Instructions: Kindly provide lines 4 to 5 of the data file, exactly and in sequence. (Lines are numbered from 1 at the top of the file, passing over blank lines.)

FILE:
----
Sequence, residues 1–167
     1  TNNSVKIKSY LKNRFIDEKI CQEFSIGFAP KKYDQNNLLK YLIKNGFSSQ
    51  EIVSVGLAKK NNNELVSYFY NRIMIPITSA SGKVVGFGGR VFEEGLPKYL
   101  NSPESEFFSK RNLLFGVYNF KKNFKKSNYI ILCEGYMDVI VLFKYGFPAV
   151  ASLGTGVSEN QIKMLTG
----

   101  NSPESEFFSK RNLLFGVYNF KKNFKKSNYI ILCEGYMDVI VLFKYGFPAV
   151  ASLGTGVSEN QIKMLTG